The Journey series
This week's Mustard Seed presents some of my thoughts about being woke. Woke originated with African Americans in the 1800s to describe a state of being awake and unable to go back to sleep. Through the 1920s and 30s it became a call to activism against racial inequalities. By late mid-century it expanded to include suspicion of infidelity. With the growth of social media this century it crossed ethnic boundaries and entered general use to describe someone who is perceived as being aware of social issues.
Woke in its earliest sense is a very useful term. It's the state that makes me an early riser even though retired. Once my mind becomes active I'm awake regardless of my comfortable warm blankets.
Woke in it's second sense is testimony for it's own need. African American slang originated as code to evade oppression. One couldn't be punished for saying something their oppressor didn't understand. Yet this use is is more than mere recognition of a particular state. It acknowledges the need to adapt to the present while urging a fight for a more just future.
Woke in the third sense appropriates the first sense more accurately. Once one suspects infidelity it's very hard to stop. Relationships rely on trust and, once broken, trust is hard to regain.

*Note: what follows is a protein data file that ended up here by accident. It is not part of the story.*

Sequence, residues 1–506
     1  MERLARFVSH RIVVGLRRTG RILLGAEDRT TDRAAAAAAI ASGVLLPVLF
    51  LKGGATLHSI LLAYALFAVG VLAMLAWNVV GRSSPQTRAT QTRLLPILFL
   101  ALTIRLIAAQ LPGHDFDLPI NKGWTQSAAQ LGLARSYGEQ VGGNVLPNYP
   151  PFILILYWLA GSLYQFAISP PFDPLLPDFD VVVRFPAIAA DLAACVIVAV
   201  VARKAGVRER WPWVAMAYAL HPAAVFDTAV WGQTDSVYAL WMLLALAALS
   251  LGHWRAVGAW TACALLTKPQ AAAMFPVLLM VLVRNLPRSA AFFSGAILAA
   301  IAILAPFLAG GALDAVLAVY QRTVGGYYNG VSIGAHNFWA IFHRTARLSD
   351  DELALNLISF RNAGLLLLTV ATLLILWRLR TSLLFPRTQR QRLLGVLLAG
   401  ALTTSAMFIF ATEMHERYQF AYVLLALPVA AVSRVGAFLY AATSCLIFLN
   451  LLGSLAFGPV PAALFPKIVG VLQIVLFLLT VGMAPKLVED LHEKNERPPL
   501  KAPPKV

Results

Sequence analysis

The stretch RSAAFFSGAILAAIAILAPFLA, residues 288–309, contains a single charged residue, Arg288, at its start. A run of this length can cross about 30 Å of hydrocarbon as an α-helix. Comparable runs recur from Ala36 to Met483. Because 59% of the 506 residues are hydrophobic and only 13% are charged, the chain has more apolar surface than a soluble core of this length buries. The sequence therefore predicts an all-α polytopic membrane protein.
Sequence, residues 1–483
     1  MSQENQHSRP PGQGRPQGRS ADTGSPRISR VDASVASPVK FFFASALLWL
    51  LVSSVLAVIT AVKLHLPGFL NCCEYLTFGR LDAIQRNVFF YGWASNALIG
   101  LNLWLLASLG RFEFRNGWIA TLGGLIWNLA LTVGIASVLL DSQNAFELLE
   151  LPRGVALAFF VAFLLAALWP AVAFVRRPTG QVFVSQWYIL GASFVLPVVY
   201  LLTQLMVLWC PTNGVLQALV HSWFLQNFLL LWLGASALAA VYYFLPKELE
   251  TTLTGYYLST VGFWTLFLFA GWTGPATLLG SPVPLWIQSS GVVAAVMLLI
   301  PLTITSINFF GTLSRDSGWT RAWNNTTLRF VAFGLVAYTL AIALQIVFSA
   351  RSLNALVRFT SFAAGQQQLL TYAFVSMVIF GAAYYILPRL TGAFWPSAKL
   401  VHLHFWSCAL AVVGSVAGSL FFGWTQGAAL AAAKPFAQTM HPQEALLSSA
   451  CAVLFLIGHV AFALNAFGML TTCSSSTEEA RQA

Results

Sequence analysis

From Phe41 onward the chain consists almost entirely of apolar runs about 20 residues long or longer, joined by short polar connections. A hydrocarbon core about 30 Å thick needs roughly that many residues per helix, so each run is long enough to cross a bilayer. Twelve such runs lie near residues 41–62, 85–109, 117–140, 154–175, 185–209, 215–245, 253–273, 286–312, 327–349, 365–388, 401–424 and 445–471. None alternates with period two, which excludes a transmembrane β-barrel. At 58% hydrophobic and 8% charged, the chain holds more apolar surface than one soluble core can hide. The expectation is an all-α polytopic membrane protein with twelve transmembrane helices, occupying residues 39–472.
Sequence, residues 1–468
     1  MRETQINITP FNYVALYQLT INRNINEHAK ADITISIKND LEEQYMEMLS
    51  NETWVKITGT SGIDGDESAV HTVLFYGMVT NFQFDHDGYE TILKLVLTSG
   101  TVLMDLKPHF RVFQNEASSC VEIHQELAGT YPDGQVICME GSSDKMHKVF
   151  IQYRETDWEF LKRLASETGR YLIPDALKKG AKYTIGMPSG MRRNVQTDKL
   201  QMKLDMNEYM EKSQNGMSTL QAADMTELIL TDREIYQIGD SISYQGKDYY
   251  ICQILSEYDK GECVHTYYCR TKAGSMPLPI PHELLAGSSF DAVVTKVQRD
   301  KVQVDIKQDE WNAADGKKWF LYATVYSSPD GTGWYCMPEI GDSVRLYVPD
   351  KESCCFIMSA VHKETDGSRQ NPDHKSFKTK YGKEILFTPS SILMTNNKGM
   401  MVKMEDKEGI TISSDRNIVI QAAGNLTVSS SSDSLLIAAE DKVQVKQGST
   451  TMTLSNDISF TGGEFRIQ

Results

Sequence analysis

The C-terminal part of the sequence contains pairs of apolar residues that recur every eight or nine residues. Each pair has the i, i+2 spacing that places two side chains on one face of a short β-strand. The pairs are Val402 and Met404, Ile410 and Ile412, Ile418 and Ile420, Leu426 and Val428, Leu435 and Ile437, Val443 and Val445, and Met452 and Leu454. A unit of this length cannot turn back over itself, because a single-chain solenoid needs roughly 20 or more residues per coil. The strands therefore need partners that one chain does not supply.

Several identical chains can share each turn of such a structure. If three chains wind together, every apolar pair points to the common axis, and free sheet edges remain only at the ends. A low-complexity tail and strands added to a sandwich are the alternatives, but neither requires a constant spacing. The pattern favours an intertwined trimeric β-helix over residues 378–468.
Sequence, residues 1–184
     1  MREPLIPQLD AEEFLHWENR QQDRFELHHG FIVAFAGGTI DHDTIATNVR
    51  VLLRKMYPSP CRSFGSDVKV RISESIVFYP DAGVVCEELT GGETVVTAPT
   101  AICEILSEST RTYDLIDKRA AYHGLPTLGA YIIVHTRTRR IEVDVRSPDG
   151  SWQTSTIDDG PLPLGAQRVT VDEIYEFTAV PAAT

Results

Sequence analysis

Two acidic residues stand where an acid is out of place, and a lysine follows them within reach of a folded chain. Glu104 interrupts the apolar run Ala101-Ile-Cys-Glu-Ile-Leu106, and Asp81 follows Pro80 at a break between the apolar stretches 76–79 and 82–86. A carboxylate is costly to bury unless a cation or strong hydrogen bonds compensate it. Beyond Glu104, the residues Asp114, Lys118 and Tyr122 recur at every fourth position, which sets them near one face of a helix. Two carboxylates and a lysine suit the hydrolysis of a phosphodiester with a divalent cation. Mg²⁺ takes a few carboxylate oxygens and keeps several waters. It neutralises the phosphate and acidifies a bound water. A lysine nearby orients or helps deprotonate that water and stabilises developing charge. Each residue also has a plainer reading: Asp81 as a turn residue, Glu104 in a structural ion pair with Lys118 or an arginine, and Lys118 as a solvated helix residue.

Woke in the current sense is much too loosely defined. It would do well to draw more from the second sense. Once one recognizes a social issue it is hard to forget it, but recognizing it is not enough. We can't proceed as if it doesn't exists and we shouldn't just allow it to continue. It's of little use to say, "it's broken and they should fix it." Are we truly woke if our familiarity with a social issue remains superficial; we are aware that something is an issue, we protest, but we never examine alternatives; we never consider how to get from where we are to where we ought be? Can we be woke about every social issue?
"Your Mustard Seeds are about faith," you might say. "What has this got to do with my faith?" Go back to the start and consider how woke we are about our faith.
Next week: More Woke
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Peter T Elliott